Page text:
Thanksgiving is my favorite meal of the entire year – so much so that I replicate it for Christmas with a few changes. Maybe you can too. As for me, when the house smells like roasting turkey and bacon, I know it’s a holiday.
My favorite Thanksgiving tradition comes from my childhood table. Just before the meal was served, we would take a moment to relay something for which we were grateful. As have many families, we’ve carried this childhood tradition into our own home. Needless to say, it has yielded some moving and rather telling responses. This year, one family member was thankful for her therapist. Our dog is always forefront in our kid’s thoughts, and I was privately thankful that we had gotten through two hours of a cocktail “hour” without the Democrats, Republicans, Libertarians and Green Party members locking horns. The Catholics (current and former) and Protestants did pretty well too, along with the agnostic and fallen-away Baptists. Did I mention my husband is also the youngest of 9 kids? Big families yield lots of big opinions, but tempering them at the holiday table is indeed something to be grateful for. That and the fully stocked bar that has also become a family tradition.
But at the end of the meal as I was washing dishes, feeling happy that I had worn sensible heels, I had a moment to be alone with my thoughts in a house full of loud, lively family. I’m deeply, deeply grateful for the man I love who I’ve been married to for over 22 years and the darling children he’s given me. To be born to my parents, two of the finest people I’ve ever known. To find humor in those little pie-in-the-face moments that life hands you is something else I’m grateful for. And my health. My inconvenient health. And I remember…I have something for which there is a treatment. And for that I am genuinely grateful.
So Thanksgiving is over now, and I’ve pulled out of my food coma, having handed off the last of my leftovers. The house is quiet and the kids are headed back to school tomorrow. And life goes on. And no matter what, I’m grateful for that, too.
Prep time: 30 minutes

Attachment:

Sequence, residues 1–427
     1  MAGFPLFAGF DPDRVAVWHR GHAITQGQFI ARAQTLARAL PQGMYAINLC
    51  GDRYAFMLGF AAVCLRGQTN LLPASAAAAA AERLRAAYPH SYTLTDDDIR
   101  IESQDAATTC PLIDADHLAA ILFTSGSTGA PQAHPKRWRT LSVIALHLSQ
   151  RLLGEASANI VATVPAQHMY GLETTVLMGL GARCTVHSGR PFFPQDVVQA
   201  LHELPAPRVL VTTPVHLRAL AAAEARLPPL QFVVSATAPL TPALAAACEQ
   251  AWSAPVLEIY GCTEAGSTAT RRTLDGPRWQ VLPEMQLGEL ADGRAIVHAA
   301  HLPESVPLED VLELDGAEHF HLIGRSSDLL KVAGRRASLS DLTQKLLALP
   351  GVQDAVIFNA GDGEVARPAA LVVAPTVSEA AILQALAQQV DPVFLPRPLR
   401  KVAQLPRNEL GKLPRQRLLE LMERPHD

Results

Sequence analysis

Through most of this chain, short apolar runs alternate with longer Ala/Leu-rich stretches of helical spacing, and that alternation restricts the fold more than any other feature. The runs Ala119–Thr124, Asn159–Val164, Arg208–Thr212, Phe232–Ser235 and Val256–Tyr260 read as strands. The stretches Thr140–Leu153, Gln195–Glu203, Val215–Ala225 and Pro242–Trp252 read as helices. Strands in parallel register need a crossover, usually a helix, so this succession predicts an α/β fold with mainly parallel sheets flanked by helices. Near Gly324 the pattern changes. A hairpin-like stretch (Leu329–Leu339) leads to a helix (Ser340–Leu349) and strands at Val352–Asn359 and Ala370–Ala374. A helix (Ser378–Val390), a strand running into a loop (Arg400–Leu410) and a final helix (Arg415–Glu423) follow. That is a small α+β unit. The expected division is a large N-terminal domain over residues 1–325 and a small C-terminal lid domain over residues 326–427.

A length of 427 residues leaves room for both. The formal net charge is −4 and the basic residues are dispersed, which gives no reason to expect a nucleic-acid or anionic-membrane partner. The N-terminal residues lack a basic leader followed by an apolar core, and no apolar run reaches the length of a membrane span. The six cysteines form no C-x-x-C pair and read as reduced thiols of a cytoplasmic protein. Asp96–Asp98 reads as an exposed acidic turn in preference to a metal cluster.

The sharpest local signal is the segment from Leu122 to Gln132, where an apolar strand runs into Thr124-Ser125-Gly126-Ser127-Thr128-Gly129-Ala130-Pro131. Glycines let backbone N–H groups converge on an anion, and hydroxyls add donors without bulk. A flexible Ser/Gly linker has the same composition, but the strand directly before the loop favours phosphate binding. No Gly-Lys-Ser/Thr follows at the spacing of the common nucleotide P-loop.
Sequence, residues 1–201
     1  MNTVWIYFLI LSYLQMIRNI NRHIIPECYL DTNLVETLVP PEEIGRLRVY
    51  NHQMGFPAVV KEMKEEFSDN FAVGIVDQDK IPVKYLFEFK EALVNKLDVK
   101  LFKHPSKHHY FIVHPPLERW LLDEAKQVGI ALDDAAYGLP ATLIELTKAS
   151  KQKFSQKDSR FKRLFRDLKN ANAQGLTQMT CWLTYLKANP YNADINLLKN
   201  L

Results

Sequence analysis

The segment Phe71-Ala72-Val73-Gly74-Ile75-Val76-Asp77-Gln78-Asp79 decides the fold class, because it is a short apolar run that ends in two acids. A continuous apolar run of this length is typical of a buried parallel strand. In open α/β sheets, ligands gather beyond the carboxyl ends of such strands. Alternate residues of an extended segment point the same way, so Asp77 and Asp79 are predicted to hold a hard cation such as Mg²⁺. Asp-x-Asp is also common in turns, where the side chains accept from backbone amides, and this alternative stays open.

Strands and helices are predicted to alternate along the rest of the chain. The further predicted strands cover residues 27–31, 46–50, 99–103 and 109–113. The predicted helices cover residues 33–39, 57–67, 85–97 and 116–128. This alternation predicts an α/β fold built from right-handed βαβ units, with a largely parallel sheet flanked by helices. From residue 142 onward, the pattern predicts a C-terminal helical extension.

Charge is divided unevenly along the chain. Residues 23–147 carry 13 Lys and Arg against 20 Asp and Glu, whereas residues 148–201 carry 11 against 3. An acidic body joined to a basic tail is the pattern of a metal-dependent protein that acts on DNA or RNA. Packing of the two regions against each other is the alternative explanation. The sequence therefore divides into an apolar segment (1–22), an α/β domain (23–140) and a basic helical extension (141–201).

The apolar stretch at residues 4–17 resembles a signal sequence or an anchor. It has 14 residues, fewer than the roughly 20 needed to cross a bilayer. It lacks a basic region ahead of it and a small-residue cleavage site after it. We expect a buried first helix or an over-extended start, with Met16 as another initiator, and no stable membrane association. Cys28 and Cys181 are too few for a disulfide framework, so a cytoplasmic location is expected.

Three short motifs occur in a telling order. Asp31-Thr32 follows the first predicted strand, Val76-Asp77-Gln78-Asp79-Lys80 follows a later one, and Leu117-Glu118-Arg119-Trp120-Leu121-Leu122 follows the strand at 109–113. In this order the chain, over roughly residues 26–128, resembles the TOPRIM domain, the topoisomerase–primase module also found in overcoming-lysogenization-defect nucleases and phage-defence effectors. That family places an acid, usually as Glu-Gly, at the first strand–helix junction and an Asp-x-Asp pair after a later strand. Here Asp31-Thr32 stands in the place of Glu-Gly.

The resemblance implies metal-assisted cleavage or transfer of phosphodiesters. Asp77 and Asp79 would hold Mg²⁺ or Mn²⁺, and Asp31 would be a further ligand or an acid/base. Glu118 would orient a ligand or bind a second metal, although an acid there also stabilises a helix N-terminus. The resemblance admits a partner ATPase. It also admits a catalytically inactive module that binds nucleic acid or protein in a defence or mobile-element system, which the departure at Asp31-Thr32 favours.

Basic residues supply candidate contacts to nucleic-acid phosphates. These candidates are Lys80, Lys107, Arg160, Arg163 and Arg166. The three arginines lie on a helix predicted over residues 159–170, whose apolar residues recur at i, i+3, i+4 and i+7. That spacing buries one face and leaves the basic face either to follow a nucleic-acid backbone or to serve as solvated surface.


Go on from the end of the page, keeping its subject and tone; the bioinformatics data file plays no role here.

Total time: about 3 1/2 hours (start recipe day before serving)
Yield: A boat load of turkey
Special tools: large roasting pan with rack & kitchen string, plastic bag for brining
For dry brine:
1/3 c. kosher salt
2 T fresh thyme, stripped from branch and finely chopped
2 T fresh lemon zest
2 tsp. freshly ground pepper
1 turkey bag (Reynold’s makes a good one)
1 16 pound turkey
1 T salt
1 onion, halved
2 lemons, halved
3 carrots, cut into 3 sections
3 celery ribs, cut into 3 sections
2 onions, quartered
10 large crimini mushrooms
3 c. chicken broth
3/4 pound thick sliced bacon
- Remove your turkey from the paper or plastic. Often times the neck is in the cavity of the bird and the innards (heart, liver, kidneys, etc) are wrapped in plastic or parchment and tucked in the neck cavity of the bird. Remove those and set aside.
- Thoroughly rinse turkey inside and out with cool water and place on several paper towels and pat dry inside and out before placing the bird into the Reynolds bag.
- Mix all 4 ingredients of the dry brine together and pat all over the exterior of the bird, top and bottom. Tie the bag tightly with twist tie and marinate for 18-24 hours in the fridge.
- The morning of your holiday, remove turkey at least an hour before you want to put it in the oven to get it closer to room temperature for more even cooking. Discard plastic bag.
- Preheat oven to 325 degrees and rinse turkey inside and out, patting dry. Sprinkle 1 T salt into cavity and add 1 onion halved and two halved lemons.
- To bottom of roasting pan, add carrots, celery, mushrooms and remaining onions. Set turkey atop roasting rack in pan and truss (see below). Set turkey breast up. Wrap kitchen string just below neck cavity and over wings. Make sure tips of wings are tied down, then criss-cross string at cavity, tightly tying legs together with a firm knot.
- Set roasting pan into oven adding 3 cups of chicken stock before closing the door.
- I don’t baste my turkey because the drippings from the bacon keep it beautifully moist. And not opening the oven every 30-45 minutes takes about 30 minutes off the cooking time! So at about 2 1/2 hours, use a quick-read thermometer and make sure your bird is 180-170 degrees at the thickest part of the thigh, 170 degrees at the thickest part of the breast.
- Once the bird is done, remove it to a serving dish and tent for 30-45 minutes. In the meantime, pour all the drippings and roasted vegetables into a small stock pot, holding back some of the stock. Puree mixture with an immersion blender and thin as necessary with reserved stock. You shouldn’t have to add any additional seasoning, but check to make sure.
- Once the bird is cool enough to touch, carve and serve with the gravy alongside. Heaven.